This information is provided for informational purposes only. Please consult a physician if you think you are experiencing a medical emergency.
This article will help you understand the differences between an ectopic pregnancy and a miscarriage.
Ectopic pregnancy and miscarriage are two of the most common pregnancy complications. They are both a type of pregnancy loss, but they are completely different diagnoses.
They can be confusing because they often have similar symptoms, they can both present early in pregnancy, and the symptoms can often be confused for normal pregnancy symptoms.
The Bottom Line
In a normal pregnancy, the pregnancy implants and grows within the uterus.
A miscarriage occurs when the pregnancy dies of natural causes. A miscarriage may occur very early (before a pregnancy can be seen on ultrasound), or after the pregnancy has been seen within the uterus on ultrasound.
An ectopic pregnancy implants and grows outside of the uterus. An ectopic pregnancy cannot survive and can be life-threatening to the mother.
Keep reading for more info on these two conditions.
Ectopic Pregnancy: Definition
In a normal pregnancy, the fertilized egg implants and grows within the uterus.
According to the American College of Obstetricians and Gynecologists, “an ectopic pregnancy occurs when a fertilized egg grows outside of the uterus.”
Ectopic Pregnancy: Location
95% of ectopic pregnancies occur within the fallopian tube. These are also called tubal pregnancies.
Ectopic pregnancies can also occur in the abdominal cavity, cervix, ovaries, or in an existing c-section scar. However, these are less common.
Ruptured Ectopic Pregnancy
The greatest risk of an ectopic pregnancy is internal bleeding and death of the mother.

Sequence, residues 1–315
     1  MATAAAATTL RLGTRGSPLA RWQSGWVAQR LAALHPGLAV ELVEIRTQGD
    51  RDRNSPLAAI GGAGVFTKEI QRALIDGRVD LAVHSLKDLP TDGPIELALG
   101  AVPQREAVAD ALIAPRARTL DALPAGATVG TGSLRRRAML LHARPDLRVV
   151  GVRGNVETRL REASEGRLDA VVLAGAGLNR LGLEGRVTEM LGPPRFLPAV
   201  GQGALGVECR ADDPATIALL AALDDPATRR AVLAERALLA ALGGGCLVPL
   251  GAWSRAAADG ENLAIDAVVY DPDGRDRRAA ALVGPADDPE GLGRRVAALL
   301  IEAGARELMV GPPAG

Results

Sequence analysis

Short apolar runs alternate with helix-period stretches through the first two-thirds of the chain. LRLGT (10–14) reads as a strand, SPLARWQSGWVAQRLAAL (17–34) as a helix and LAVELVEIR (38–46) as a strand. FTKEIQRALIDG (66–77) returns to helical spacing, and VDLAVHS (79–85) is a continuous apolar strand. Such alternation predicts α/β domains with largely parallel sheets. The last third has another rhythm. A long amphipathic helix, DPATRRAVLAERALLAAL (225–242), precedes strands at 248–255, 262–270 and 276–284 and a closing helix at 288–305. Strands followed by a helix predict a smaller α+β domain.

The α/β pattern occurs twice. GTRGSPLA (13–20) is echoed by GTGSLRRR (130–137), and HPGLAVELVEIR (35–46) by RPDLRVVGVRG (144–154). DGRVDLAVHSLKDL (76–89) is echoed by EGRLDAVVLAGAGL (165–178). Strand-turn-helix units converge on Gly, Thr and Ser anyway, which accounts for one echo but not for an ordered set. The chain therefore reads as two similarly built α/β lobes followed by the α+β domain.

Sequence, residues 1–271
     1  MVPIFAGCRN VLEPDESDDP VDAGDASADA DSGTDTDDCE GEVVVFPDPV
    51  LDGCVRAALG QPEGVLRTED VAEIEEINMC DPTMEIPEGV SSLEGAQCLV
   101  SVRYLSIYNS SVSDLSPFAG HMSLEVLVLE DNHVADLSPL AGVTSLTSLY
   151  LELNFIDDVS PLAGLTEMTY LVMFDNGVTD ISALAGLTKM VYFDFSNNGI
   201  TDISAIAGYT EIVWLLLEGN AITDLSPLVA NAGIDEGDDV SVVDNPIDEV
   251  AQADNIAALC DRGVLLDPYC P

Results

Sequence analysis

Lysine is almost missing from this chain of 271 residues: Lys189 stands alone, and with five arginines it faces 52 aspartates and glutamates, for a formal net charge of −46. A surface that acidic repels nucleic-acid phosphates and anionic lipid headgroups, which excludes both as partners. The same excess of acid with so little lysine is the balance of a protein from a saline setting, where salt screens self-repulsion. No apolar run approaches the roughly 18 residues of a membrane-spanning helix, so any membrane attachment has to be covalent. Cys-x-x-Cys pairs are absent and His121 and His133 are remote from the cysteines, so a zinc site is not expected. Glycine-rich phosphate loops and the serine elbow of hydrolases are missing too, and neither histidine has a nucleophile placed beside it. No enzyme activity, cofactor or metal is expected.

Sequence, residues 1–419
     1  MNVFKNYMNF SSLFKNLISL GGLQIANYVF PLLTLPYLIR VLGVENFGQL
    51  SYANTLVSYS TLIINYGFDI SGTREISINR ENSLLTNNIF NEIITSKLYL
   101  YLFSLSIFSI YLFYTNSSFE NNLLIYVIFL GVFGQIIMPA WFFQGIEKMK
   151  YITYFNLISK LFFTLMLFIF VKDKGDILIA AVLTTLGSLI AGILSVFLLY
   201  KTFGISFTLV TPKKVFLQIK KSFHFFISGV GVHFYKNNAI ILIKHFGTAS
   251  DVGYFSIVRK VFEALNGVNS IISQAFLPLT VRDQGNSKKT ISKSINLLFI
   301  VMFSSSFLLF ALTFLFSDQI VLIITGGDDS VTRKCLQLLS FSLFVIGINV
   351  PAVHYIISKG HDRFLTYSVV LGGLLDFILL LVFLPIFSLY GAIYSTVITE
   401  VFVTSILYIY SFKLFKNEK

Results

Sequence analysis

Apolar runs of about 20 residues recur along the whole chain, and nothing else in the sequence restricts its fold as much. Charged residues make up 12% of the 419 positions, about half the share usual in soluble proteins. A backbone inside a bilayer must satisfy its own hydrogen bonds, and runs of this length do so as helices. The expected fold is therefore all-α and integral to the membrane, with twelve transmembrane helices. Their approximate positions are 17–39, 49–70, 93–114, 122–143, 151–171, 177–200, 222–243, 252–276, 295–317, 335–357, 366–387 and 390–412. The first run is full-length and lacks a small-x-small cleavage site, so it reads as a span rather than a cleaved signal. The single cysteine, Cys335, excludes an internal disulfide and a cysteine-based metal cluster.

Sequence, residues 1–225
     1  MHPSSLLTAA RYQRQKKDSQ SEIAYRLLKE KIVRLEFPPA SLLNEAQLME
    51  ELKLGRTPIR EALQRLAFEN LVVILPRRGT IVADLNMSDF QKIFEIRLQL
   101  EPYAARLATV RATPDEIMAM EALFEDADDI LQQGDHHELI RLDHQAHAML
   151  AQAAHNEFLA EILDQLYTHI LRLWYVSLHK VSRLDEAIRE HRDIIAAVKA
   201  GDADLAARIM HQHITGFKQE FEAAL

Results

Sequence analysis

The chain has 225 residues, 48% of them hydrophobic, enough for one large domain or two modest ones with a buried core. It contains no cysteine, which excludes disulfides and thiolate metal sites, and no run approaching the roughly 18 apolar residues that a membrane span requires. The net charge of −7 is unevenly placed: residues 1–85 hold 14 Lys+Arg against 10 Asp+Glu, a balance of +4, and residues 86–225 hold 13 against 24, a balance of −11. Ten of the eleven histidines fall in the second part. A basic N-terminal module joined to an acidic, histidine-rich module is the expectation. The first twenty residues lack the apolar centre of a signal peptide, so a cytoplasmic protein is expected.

As an ectopic pregnancy grows, it can rupture and lead to internal bleeding and death of the mother.
The symptoms of a ruptured ectopic pregnancy include:
- Severe abdominal pain
- Vaginal bleeding: light spotting or heavy vaginal bleeding
- Shoulder pain
Ectopic Pregnancy: Treatment
Doctors cannot predict when an ectopic pregnancy will rupture. Because of the risk of rupture, once an ectopic pregnancy is diagnosed, it should be treated.
There are two main treatment options for ectopic pregnancies:
- Medical treatment with a medication called methotrexate
Your doctor will determine whether medical treatment or surgery is the best option for you.
A medication called methotrexate can be used to treat an ectopic pregnancy. The advantage of methotrexate is it can save your fallopian tube (which is often removed during surgery for ectopic pregnancy).
However, methotrexate does not work 100% of the time. Even after treatment with methotrexate, ectopic pregnancies can still rupture.
You will need follow-up appointments to be sure the medication has worked.
Multiple doses of methotrexate may be required.
WARNING: Methotrexate can cause birth defects and should not be used during a normal pregnancy.
WARNING: Methotrexate is excreted in breast milk. You should not breastfeed if you have been treated with methotrexate.
Ectopic Pregnancy: Surgical Treatment
In some cases, surgery is the safer option for treatment.